Remember 2011? Back then, I breathlessly wrote in these pages about a new Haggadah that was online. And then, last year, a Haggadah app for your ipad. Remember when that was new?
This year, for the first time, the majority of new Passover Haggadot are no longer on paper. And yet, oddly enough, I found myself gravitating to the most traditional new entries of all — the Reform movement’s revised Union Haggadah and an old-school, print volume with commentaries from three very different rabbis.
First things first. Haggadot.com has, in the three years since its launch, become a well-oiled Pesadik machine. Templates, video clips, clean web design — there is no longer any excuse for not making your own Haggadah, mixing and matching from the wealth of online resources, like making a Passover playlist. Haggadot.com is no longer just a start-up — to me, it’s the industry standard. Now I’m ready for Machzor.com.
There are also a bevy of Seder apps, some which lead participants through a straightforward Seder, (Kosher Penguin’s “Haggadah for Passover”), others with games for kids (StoryChimes’s “Passover — the Journey to Freedom”), and others that recite and sing the whole Haggadah for you (“A Cantor’s Seder”). This in addition to Melcher Media’s “The Haggadah,” which was glowingly reviewed last year and is still a wonderful way into the Seder ritual.
Of course, Passover technologization is all well and good, but perhaps in danger of self-parody. I have visions of families tapping Go on the “Cantor’s Seder” and leaving Emanuel Perlman to sing to himself while the real-life attendees schmooze about March Madness. And not every Haggadah needs to be virtualized. The late Edgar Bronfman’s idiosyncratic “Bronfman Haggadah” — which I reviewed last year — is only marginally enhanced by appearing on your iPad as opposed to its handsome Rizzoli edition. The text itself is still quite interesting, but did we need an app?
Likewise, the “Ultimate Digital Haggadah,” released too late for our Haggadah roundup last year, is an exquisite visual presentation (with accompanying narration). But without transliteration, decorations, or the layered interpretations of Melcher’s “The Haggadah,” it is a beautiful artifact — not so different from a paper Haggadah. However, props must be given to the marketing team of the “Ultimate Digital Haggadah” for coming up with the slogan “From Abject Servitude to App-solute Freedom.”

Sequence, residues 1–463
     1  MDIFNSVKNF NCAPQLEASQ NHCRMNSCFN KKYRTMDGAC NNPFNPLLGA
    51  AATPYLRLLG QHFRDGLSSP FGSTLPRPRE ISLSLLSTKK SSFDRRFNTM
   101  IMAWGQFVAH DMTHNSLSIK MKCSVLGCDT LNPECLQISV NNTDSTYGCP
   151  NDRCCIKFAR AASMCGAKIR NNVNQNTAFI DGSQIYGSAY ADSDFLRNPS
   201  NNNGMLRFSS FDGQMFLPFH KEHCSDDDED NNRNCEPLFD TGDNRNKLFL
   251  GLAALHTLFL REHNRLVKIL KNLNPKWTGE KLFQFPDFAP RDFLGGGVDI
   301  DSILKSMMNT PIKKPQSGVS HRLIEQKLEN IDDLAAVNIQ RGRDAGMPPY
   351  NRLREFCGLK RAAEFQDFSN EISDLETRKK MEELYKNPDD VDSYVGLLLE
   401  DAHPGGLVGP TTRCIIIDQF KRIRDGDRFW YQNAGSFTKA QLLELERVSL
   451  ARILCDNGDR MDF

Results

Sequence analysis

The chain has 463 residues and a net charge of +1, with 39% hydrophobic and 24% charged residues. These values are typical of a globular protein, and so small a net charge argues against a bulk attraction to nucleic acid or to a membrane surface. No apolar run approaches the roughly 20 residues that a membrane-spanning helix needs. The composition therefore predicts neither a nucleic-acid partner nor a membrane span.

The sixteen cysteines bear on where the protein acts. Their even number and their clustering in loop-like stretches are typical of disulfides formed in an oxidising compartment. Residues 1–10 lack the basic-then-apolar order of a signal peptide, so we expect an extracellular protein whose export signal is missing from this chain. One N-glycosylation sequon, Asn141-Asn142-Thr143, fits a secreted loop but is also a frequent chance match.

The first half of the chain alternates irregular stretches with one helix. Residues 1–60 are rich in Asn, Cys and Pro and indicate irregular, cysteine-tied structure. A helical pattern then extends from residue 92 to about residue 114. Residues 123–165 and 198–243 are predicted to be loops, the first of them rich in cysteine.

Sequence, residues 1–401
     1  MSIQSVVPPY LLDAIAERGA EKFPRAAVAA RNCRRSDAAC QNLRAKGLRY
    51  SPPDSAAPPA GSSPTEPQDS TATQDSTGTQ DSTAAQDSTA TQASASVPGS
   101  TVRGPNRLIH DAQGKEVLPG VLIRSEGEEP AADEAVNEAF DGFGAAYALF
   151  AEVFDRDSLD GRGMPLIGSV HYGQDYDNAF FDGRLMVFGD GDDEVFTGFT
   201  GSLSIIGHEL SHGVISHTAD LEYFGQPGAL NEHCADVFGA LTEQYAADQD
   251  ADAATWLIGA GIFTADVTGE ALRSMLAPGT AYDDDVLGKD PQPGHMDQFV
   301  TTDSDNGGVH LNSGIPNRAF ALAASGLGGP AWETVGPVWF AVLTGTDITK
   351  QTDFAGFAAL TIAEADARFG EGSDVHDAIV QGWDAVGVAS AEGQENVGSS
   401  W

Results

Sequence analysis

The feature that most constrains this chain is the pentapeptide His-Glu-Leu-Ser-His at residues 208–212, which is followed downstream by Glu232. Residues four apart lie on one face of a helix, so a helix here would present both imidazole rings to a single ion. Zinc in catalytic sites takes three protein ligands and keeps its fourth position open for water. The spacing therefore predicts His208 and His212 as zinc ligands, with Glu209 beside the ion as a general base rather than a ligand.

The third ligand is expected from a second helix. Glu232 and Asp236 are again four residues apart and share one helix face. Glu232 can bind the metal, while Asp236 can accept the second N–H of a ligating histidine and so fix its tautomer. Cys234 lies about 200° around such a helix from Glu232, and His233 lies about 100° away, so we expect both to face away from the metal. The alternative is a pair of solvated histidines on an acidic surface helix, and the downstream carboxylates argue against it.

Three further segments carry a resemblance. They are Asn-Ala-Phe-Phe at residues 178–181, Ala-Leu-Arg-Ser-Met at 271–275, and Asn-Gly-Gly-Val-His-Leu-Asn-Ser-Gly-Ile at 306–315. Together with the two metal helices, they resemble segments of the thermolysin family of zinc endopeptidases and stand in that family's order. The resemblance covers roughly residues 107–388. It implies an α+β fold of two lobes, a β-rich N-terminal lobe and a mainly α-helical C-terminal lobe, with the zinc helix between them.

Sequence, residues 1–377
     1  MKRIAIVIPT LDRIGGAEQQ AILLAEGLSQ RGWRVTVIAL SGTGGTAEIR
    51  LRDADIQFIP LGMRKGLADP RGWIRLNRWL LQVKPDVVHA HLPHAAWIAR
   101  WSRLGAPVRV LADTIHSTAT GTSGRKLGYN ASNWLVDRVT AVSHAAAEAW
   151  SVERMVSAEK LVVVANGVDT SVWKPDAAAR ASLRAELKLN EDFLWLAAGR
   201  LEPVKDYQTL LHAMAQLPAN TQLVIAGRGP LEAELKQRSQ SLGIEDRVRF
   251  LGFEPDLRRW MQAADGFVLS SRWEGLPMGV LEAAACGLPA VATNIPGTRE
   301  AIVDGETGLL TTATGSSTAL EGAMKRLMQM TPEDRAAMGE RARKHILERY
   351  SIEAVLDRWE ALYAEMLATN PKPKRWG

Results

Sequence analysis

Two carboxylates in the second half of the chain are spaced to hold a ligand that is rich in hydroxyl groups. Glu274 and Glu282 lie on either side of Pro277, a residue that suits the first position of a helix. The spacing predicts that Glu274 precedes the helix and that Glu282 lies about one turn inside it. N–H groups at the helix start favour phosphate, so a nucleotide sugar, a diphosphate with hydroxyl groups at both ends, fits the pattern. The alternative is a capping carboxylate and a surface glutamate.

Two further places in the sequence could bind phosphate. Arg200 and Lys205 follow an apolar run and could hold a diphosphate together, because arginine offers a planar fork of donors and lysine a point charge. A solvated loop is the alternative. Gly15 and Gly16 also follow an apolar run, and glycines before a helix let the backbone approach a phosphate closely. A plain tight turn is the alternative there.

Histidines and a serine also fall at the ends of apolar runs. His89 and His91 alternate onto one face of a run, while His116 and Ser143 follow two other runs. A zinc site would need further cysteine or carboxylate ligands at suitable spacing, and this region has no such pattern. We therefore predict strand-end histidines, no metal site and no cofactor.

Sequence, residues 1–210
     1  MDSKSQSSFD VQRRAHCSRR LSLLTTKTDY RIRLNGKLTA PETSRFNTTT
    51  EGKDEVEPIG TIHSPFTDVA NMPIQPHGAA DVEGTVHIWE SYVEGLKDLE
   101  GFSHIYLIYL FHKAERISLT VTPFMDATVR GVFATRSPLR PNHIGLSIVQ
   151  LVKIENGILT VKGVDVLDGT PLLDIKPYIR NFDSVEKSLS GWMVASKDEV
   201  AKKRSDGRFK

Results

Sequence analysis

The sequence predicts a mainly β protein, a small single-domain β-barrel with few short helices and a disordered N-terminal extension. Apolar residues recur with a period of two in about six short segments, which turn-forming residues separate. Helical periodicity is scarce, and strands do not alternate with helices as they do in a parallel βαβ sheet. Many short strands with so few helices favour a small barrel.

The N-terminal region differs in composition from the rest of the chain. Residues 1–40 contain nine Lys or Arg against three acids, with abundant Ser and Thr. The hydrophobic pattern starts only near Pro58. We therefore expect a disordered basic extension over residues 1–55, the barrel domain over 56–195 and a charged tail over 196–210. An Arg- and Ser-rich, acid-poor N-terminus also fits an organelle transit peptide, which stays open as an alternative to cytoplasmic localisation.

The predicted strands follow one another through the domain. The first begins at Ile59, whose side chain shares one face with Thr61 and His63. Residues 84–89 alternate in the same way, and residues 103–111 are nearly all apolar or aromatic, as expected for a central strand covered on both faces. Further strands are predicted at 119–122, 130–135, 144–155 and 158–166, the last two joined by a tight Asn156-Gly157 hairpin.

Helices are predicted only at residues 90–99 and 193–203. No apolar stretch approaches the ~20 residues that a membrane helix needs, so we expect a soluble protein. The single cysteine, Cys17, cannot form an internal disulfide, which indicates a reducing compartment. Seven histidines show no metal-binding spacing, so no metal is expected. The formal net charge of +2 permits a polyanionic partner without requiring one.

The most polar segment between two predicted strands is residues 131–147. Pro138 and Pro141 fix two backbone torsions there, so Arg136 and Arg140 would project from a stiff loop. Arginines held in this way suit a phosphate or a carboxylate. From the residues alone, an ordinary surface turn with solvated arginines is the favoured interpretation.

Perhaps my favorite Passover app isn’t a Haggadah at all, but Rusty Brick, Inc.’s “No Chametz,” which includes the Orthodox laws of finding, destroying and selling chametz, a step-by-step guide to the process, and even a handy flashlight. Alas, intended for a frum audience, “No Chametz” doesn’t include transliterations. Maybe next year. But it’s a good example of a simple application that is enhanced by technology, rather than merely adapted to it.
So that leaves this year’s new paper entries, four of which I’ll focus on here. Conveniently, they map onto the four children of the Seder itself.
The wise son, and to me, hands down the best new entry of the year, is “The Night that Unites,” published by Urim Publications and assembled by Aaron Goldscheider. At $39.95 per copy, it makes a good case for a downloadable app. But buy one copy for the treasure trove of insights, primarily from Rabbi Joseph Soloveitchik, Rav Kook, and Rabbi Shlomo Carlebach. Like many interpretation-rich Haggadot, this one is not suitable for seat-of-the-pants, read-as-you-go use at the Seder. Rather, it rewards advance preparation; bookmark your favorite parts, and share them on the first night of Passover.
What “The Night that Unites” misses, interestingly, is the incongruity of its three primary sources. This trio is a motley crew indeed: the rational legalist, the nationalistic mystic and the hippie. Unfortunately, “The Night that Unites” often lapses into hagiography, whitewashing Soloveitchik, Kook and Carlebach into three barely distinguishable exemplars of everything good and righteous. Ironically, “The Night that Unites” unites too much. It would have benefited from exploring the productive tensions between these three luminaries, rather than glossing them over.
Still, I learned a lot, and considering that I’ve reviewed a dozen Haggadot in each of the last six years, that’s saying something.